George I lived from 28 May 1660 to 11 June 1727. He was the first monarch of the House of Hanover, and ruled as King of Great Britain and King of Ireland from 1 August 1714 until his death. George I also served as the Duke of Brunswick-Lüneburg (Hanover) and a Prince Elector of the Holy Roman Empire. The wider picture in Scotland at the time is set out in our Historical Timeline.
Until the age of 41, the possibility of George becoming King of Great Britain probably never occurred to him. However, in 1701 the English Parliament passed the Act of Settlement. This confirmed Queen Anne as heir to the throne after King William. And if neither of them had legitimate offspring, after Anne the throne would then go to the Protestant Sophia, Electress of Hanover, who was a grand-daughter of James VI/I and whose mother had been sister to Charles II and James VII/II. The specific aim of the Act of Settlement was to exclude from the succession any Catholic descendants of James VII/II, especially his son, James Francis Edward Stuart.
The Electress Sophia of Hanover died in June 1714, and six weeks later on 1 August 1714 Anne died: with the result that George I became King of Great Britain. George arrived in England on 18 September 1714; and was crowned at Westminster Abbey on 20 October 1714. Barely able to speak any English, and keen to make regular visits to Hanover, George was a very unpopular king. This was not helped when it became known that he kept his ex-wife and first cousin, the Princess Sophia of Celle, prisoner in a German Castle, where she would remain for life. Public opinion would probably have been still more anti-George had it been known at the time that, in 1694, he had paid a courtier a vast sum of money to murder Sophia's lover, the Swedish Count, Philip Christoph von Königsmarck, and dispose of his body in a river. On the brighter side, George and Sophie's marriage had produced an heir, George, born in 1687, before it went into terminal decline.
George's unpopularity came to a head with "The Fifteen", the Jacobite uprising of 1715. George had snubbed one of Queen Anne's senior Ministers, John Erskine, 23rd Earl of Mar. Mar returned to Scotland, and on 6 September 1715 raised a standard at Braemar for the Old Pretender, "James VIII". Given George's unpopularity and the rising tide of support across Britain for the Jacobites, the conditions were ideal for a successful "regime change" of the sort that had taken place during the Glorious Revolution. But Mar had failed to tell the Old Pretender what he was planning; he failed to coordinate his uprisings with Jacobite uprisings at the same time in England; and he proved a very poor general. Indeed, Mar's conduct of the 1715 Uprising was so inept it has sometimes been suggested he was actually working on behalf of the Hanoverians. Whatever the truth of that, by the time the Old Pretender landed in Peterhead in December 1715, the uprising was already fizzling out.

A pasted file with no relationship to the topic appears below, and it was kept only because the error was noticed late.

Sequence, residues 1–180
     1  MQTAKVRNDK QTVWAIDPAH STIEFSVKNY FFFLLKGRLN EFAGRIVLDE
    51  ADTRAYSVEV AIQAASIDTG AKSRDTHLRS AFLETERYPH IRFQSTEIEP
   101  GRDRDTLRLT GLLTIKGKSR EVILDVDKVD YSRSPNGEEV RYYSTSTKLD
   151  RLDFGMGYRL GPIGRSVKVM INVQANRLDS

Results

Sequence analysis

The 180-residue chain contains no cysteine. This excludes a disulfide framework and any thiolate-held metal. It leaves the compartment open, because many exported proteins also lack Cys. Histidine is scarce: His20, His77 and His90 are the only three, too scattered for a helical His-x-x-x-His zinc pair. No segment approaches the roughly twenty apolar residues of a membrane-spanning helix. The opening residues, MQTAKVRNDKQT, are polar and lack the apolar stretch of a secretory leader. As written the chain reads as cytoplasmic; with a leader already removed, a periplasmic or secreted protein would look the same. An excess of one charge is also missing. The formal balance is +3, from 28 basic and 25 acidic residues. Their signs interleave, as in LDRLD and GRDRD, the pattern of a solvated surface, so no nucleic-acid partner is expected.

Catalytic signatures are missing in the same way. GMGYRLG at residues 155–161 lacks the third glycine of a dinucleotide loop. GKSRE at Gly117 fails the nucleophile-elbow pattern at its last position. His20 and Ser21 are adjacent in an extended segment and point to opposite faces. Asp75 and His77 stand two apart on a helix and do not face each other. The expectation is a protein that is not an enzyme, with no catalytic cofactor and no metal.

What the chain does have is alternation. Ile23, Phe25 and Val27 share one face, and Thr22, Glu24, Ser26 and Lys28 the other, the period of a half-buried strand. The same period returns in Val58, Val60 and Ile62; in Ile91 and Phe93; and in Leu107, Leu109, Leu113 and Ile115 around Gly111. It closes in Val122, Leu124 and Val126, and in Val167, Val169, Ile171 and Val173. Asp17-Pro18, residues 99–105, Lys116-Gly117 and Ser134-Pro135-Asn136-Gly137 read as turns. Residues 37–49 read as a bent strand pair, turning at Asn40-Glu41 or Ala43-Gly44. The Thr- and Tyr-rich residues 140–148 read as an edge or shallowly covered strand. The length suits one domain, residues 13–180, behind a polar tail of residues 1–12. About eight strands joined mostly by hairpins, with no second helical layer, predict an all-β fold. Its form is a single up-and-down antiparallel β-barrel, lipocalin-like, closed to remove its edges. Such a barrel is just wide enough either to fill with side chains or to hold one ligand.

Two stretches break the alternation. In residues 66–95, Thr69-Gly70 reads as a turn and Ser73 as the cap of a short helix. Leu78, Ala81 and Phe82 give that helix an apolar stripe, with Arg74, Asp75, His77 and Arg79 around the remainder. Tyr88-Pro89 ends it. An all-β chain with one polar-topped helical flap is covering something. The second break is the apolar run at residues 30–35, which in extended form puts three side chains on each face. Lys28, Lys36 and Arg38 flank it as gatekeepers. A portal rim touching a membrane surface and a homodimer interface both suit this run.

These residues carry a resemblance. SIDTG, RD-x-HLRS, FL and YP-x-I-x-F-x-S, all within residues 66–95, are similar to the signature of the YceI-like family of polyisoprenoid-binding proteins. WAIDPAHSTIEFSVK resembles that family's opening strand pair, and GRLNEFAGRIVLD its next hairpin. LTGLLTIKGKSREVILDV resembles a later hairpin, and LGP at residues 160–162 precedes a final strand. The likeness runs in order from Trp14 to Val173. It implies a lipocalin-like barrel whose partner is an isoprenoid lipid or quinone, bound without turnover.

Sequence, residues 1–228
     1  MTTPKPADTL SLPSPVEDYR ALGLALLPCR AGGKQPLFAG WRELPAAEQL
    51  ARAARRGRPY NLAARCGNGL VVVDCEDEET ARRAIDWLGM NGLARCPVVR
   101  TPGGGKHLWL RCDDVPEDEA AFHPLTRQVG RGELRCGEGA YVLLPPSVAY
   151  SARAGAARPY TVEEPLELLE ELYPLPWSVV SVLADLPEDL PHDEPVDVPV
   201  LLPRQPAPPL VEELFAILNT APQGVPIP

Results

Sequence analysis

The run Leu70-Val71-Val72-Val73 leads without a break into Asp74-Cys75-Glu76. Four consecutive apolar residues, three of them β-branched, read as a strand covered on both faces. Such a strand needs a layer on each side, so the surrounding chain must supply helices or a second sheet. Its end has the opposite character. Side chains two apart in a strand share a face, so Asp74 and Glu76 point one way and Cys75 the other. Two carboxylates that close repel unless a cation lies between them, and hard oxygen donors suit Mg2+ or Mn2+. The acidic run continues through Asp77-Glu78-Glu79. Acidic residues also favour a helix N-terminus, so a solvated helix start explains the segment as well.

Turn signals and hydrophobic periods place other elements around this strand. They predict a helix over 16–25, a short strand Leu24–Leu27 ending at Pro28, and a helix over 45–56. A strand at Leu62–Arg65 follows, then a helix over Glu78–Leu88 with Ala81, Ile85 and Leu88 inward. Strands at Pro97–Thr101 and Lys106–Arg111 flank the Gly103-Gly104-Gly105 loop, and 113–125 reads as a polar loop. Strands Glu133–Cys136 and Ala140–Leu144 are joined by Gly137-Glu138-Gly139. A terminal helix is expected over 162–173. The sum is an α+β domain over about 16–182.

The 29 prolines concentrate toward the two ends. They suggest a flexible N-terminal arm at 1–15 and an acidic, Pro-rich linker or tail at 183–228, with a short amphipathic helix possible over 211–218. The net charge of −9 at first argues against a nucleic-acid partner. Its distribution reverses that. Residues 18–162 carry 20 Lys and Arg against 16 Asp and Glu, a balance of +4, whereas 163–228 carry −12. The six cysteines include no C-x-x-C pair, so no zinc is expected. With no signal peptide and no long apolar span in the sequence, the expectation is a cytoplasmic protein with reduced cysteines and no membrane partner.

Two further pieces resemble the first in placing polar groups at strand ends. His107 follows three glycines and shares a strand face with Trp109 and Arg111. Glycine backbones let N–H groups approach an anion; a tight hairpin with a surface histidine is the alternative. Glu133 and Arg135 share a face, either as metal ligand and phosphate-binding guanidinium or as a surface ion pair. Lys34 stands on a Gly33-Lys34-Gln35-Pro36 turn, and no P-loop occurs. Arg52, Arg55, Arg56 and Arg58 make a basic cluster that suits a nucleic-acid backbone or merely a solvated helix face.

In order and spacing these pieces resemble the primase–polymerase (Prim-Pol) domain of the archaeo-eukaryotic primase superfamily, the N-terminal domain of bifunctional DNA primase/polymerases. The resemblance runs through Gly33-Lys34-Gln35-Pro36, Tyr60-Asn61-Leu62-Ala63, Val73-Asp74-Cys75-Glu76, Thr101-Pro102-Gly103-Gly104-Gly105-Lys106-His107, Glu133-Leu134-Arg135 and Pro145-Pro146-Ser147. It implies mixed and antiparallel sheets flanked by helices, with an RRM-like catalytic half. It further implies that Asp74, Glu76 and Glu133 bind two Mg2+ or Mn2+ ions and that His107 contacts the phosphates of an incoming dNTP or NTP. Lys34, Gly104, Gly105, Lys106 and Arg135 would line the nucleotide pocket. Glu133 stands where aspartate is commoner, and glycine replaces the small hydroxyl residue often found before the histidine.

On the continent, George was instrumental in forming alliances against Spain in the continuing conflicts that followed the War of the Spanish Succession. This was doubtless one of the factors that led to an attempt by the Spanish in 1719 to land an army in England to put the Old Pretender on the throne. The invasion failed because of bad weather, though a diversionary attack by two ships and 300 Spanish troops in western Scotland went ahead, only to be defeated by government forces at the Battle of Glen Shiel.
In England, George became, if possible, still more unpopular because of The South Sea Bubble. This was an investment scandal involving Government bonds that led to many individuals losing their fortunes. In the aftermath, Sir Robert Walpole came to prominence as the first - albeit unofficial - Prime Minister. George soon became heavily reliant on Walpole, allowing the latter to accumulate considerable power, often through bribery of Members of Parliament, and become even more wealth, largely though the widespread sale of Honours.
George I had become King of Great Britain at the age of 54. He was to rule for just 13 years before dying of a stroke in Osnabruck while on a visit to Hanover, on 11 June 1727. He was succeeded by George II with whom he had a very poor relationship for a number of years. As Prince of Wales, George II had publicly undermined his father's policies on a number of occasions, and the two had even had a stand-up fight over who should be named as godparents at the christening in 1717 of the one of the younger George's children.